• Write more.
  • Experiment more in the studio.

Looking forward…

A Look Back: 2013


Oh, 2013, you were a weird one. You had your good moments, to be sure, your elevated events and small everyday joys. But you were also moody and difficult.  Hard to anticipate. Unpredictable.

I did not write here a lot in 2013. I did not feel focused enough to write here very often. My energies were spinning off in different directions. It felt like enough to just focus on my studio practice and hold my shit (mostly) together. Yet still, people came and visited.  I spoke to a few of you who read what I write here, and you let me know that it’s valuable to you. That is gratifying to hear, as I often feel like I am hurling words and images into the void…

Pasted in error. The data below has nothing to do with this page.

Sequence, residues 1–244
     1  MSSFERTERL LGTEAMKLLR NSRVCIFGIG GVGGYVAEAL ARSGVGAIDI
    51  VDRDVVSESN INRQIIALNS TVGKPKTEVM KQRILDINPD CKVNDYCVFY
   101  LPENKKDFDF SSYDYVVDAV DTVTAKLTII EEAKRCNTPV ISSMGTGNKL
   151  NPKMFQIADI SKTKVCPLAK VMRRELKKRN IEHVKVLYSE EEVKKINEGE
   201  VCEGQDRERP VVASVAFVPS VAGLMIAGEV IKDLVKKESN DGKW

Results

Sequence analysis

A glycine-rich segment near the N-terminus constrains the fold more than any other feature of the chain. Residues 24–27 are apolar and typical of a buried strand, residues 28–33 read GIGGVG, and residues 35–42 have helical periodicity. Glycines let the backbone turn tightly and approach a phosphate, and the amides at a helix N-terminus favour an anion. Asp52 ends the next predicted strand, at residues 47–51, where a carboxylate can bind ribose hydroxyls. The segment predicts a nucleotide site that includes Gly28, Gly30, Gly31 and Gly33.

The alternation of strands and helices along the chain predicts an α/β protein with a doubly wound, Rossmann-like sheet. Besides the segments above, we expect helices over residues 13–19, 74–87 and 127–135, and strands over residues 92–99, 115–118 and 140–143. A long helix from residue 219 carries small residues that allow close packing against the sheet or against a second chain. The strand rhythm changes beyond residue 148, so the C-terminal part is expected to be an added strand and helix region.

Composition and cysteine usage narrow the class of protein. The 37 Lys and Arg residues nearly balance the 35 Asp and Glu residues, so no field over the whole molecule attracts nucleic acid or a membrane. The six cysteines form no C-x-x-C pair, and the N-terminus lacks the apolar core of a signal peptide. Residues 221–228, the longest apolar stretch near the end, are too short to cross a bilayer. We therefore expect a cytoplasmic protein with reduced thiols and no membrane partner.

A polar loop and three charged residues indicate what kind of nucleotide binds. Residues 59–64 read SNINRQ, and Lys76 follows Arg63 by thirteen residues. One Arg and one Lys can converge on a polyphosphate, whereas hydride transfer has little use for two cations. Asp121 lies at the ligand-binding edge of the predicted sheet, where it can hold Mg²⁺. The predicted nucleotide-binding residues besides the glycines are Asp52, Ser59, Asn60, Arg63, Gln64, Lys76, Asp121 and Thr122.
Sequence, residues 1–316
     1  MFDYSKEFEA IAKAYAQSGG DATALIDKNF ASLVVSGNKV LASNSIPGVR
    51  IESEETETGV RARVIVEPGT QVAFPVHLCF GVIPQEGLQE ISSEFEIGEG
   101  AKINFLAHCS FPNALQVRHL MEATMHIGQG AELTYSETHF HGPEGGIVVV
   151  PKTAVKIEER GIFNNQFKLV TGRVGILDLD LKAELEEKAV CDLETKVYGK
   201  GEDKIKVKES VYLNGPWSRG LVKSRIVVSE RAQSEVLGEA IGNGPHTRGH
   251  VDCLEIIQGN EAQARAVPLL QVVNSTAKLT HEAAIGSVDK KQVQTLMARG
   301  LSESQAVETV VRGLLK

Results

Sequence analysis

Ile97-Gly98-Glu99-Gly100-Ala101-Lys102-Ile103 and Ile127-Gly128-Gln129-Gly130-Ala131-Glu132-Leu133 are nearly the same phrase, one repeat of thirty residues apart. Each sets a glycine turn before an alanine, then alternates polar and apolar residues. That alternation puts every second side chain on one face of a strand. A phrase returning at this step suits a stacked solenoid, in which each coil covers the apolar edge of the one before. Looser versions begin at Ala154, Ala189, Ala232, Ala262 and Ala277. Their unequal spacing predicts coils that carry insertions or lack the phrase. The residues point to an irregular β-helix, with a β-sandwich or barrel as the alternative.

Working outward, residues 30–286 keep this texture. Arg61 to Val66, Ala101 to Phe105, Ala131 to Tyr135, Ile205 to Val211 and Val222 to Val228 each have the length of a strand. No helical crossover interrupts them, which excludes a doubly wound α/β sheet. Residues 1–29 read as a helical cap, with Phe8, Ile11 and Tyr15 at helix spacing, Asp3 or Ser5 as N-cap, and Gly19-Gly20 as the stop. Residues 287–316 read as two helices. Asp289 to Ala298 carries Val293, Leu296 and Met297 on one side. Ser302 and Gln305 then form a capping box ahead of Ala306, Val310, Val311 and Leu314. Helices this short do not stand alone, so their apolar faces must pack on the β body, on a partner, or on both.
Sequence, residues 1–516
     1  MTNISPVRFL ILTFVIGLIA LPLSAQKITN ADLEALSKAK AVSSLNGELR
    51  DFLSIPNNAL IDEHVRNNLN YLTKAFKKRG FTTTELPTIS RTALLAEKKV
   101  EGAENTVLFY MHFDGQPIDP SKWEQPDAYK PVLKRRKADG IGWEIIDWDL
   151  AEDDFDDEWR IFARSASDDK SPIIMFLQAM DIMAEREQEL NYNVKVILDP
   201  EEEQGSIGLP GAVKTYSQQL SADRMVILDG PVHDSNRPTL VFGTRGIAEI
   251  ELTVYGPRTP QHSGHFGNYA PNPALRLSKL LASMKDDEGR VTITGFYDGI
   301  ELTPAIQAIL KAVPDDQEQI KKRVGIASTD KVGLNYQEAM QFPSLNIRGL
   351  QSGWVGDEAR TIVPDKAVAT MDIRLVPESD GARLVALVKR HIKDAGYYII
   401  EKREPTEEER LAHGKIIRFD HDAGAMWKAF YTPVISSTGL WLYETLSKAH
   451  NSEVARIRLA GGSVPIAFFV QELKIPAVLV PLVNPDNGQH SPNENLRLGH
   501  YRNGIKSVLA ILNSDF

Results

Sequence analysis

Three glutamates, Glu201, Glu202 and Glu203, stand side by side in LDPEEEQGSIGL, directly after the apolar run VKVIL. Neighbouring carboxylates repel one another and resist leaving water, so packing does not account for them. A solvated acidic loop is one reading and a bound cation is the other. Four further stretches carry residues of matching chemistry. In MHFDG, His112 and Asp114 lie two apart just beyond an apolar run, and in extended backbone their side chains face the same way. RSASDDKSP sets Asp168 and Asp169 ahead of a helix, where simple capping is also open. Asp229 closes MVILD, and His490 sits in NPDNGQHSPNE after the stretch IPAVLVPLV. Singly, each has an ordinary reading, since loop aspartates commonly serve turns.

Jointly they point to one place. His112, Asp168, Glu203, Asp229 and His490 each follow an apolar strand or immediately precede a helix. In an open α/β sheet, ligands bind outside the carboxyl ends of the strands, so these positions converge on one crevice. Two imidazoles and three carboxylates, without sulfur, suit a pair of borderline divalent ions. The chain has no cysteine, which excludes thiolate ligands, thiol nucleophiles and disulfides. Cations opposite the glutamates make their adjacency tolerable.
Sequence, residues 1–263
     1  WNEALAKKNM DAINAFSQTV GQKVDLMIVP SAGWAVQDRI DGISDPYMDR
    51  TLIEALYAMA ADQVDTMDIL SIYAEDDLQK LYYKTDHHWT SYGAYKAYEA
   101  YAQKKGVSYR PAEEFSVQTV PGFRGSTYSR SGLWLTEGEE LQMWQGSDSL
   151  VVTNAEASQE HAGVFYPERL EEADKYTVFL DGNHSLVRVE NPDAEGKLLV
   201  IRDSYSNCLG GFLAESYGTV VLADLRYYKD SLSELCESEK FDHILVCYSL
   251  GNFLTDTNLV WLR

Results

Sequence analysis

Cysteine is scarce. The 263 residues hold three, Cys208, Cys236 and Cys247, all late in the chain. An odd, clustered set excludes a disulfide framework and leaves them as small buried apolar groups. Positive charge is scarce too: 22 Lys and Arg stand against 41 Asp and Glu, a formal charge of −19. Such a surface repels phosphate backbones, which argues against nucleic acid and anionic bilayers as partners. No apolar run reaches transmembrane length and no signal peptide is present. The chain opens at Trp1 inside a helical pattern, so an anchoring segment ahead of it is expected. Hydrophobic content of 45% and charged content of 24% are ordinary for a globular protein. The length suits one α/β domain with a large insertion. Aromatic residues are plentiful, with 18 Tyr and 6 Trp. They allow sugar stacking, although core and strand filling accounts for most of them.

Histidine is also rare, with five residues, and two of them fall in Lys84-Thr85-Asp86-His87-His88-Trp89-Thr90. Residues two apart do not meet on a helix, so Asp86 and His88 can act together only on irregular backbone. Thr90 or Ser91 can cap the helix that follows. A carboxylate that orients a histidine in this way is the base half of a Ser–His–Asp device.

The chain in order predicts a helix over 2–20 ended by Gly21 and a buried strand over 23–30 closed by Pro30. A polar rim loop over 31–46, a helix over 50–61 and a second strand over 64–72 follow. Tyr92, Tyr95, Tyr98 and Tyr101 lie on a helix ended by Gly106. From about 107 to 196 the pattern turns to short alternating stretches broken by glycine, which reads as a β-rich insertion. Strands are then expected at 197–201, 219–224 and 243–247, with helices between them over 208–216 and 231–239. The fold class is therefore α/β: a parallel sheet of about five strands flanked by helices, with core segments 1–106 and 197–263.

So, in the spirit of looking back and catching up, I present to you 2013, in brief.

  • After a hopeful post-heart attack recovery in 2012, watched as my father’s health started to fail.
  • Helped my parents move when his care was moved to UCSF and he was given a place in a heart study. He received a Ventricular Assist Device (VAD) that helped his heart pump and alleviated the worst of his heart failure.
  • Found some balance between letting go of my (college and high school age) children and listening/being present/giving help when they needed it.  It’s a moving target. It’s a dance.
  • Moved toward abstraction. I created my first entirely abstract group of paintings. So much harder than figuration. So much less to hold on to.
  • Took an overnight field trip by myself to photograph in Northern California. Wandered for two days on rural roads with numbers instead of names. Saw a dead coyote nailed to a telephone pole and realized I was really in the sticks. Came back with lots of new material to think about and paint about.
  • Taught two classes at Wax Works West in Santa Cruz. Had a ton of fun doing it. Will do it again.